He is a founding member of the 5D | World Building Institute, an inaugural member of the Freeman Design Leadership Council, and an inaugural recipient of the Harold Hay Award from the Academy of Neuroscience for Architecture (ANFA). In 2016 he joined the Board of Directors of ANFA to facilitate mutual understanding of science and design professionals and to help build the foundation for a new discipline of design enlightened by results of systematic empirical inquiry.
He has developed a curriculum bridging concepts of space developed by different disciplines in science and design. He used this curriculum to teach undergraduate and graduate courses at the University of Southern California and at NewSchool of Architecture and Design.
Architect, Urban Designer Professor MB Collaborative, USA
Tatiana Berger (M.Arch, Princeton University, B.A. in Arch., UC Berkeley) is an architect, urban designer and educator. She has worked for over 30 years in the U.S., Portugal, Spain and Austria. Her built works, collaborations and community plans were published in international periodicals and presented in exhibitions in Europe and U.S. Berger worked with Richard Meier in New York, was Director of the Sochi Olympics 2014 project for ILF Engineers and project architect for Baumschlager-Eberle in Bregenz, Austria. From 1997-2004 she worked as project architect and manager in the office of Alvaro Siza in Porto. Berger's built work, designed in collaboration with architects named above, is found in Porto, Lisbon and Viana do Castelo in Portugal, and also in Austria, the Netherlands, China, Russia and the U.S. In addition to architecture, her experience in professional practice includes landscape design and urban planning, furniture/product design, and construction administration.
Berger is Founder of Moving Boundaries Collaborative, which provides educational services and design/consulting services. She is guest lecturer at NAAD in Venice, ETH Zurich, NeuroArq Brazil, NAD Chile, and Artclever. She was Associate Professor of Architecture and Urbanism at the NewSchool of Architecture & Design in San Diego and Professor of Architecture at the Boston Architectural College. A member of the Advisory Council of the Academy of Neuroscience for Architecture (ANFA), she developed a new curriculum in architectural theory and studio with a focus on ANFA themes as faculty in the pioneering Neuroscience for Architecture Program at NewSchool. In her role as Liaison for Education and curator of lecture series and symposia, she leads the ANFA Center for Education (ACE), an international forum for educators dedicated to reimagining design education.
She is co-founder of the Compostela Institute, a laboratory for research and education in environmental design, providing courses and workshops since 2010 in anthropology, cultural studies and building crafts in Santiago de Compostela, Spain. She has lectured internationally on topics in architectural theory, urbanism and health, regionalism, and transdisciplinary design education. She is increasingly involved in research in dynamic sensory experience of the built environment informed by knowledge from the human sciences.
Thomas D. Albright
Salk Institute, San Diego, USA
Dr. Thomas D. Albright is Professor and Conrad T. Prebys Chair at the Salk Institute for Biological Studies, where he is Director of the Center for the Neurobiology of Vision and Adjunct Professor of Psychology and Neurosciences at the University of California, San Diego. He specializes in the neural basis of visual perception, memory and visually guided behavior.
He seeks to understand how visual perception is affected by attention, behavioral goals, and memories of previous experiences. An important goal of this work is the development of therapies for blindness and perceptual impairments resulting from disease, trauma or developmental disorders of the brain. A second aim of his work is to use our growing knowledge of brain, perception and memory to inform design in architecture and the arts, and to leverage societal decisions and public policy.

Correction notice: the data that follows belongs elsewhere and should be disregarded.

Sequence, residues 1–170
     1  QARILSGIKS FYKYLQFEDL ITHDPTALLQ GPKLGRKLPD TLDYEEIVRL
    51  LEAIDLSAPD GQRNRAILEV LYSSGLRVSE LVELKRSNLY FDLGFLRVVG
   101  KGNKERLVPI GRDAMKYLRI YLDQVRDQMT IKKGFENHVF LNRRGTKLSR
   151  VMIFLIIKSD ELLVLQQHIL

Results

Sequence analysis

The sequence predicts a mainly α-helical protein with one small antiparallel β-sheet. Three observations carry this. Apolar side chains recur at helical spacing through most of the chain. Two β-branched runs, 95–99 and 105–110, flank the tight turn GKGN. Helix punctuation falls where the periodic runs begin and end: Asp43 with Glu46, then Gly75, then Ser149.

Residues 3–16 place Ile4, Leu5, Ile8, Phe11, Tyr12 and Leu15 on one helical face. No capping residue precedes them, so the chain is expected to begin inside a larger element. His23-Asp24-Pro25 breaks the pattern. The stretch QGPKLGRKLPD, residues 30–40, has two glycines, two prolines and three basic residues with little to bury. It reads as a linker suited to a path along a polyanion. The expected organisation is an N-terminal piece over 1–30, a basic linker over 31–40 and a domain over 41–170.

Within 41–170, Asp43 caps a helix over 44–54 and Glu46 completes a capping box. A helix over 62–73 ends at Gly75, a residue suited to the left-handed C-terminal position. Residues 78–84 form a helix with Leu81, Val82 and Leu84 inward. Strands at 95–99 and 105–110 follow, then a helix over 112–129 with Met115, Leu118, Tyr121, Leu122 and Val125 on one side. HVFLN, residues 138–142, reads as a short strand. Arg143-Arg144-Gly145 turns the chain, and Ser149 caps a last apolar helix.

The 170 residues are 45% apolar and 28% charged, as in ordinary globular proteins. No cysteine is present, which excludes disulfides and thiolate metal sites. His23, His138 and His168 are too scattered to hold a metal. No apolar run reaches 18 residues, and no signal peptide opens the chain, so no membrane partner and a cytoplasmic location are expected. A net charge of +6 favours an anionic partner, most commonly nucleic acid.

He received a Ph.D. in psychology and neuroscience from Princeton University. He is a member of the U.S. National Academy of Sciences, a fellow of the American Academy of Arts and Sciences, a fellow of the American Association for the Advancement of Science, and an associate of the Neuroscience Research Program. He is past-president of the Academy of Neuroscience for Architecture (2012-2014), a member of the National Academy of Sciences Committee on Science, Technology, and Law, and a member of the U.S. National Commission on Forensic Science.
University of Parma, Italy
Vittorio Gallese, MD, studied medicine at the University of Parma, Parma, Italy, and was awarded a degree in Neurology in 1990. He is a Full Professor of Psychobiology Dept. of Medicine and Surgery of the University of Parma, Honorary Fellow at the Institute of Philosophy, School of Advanced Study of the University of London, UK and Adjunct Senior Research Scholar at the Dept. of Art History and Archeology, Columbia University, New York, USA. He is coordinator of the PhD Program in Neuroscience and Director of the Doctoral School of Medicine of the University of Parma. As a cognitive neuroscientist, his research focuses on the relationship between the sensory-motor system and cognition, both in non-human primates and humans using a variety of neurophysiological and functional neuroimaging techniques applied to the study of intersubjectivity, empathy, language, mindreading and aesthetics. Among his major contributions is the discovery, together with the colleagues of Parma, of mirror neurons, and the elaboration of a theoretical model of basic aspects of social cognition, Embodied Simulation Theory.
Gallese has done research at the University of Lausanne, Switzerland, at the Nihon University, Tokyo, Japan, at the University of California at Berkeley and at the Berlin School of Mind and Brain of the Humboldt University of Berlin. He has been George Miller visiting professor at the University of California at Berkeley. In 2007 he received together with Giacomo Rizzolatti and Leonardo Fogassi the Grawemeyer Award for Psychology, for the discovery of mirror neurons. He received the Doctor Honoris Causa from the Catholic University of Leuven, Belgium in 2009. He received the Arnold Pfeffer Prize for Neuropsychoanalysis from the International Society of Neuropsychoanalysis, New York, U.S.A in 2010, the Musatti Prize from the Italian Psychoanalytic Society in 2013, the Kosmos Fellowship from the Berlin School of Mind and Brain in 2014, the Einstein Fellowship for 2016-2020, and the Alexander von Humboldt Forschung Preis in 2019. Gallese has published over 300 papers in international peer-reviewed journals and edited books and three books.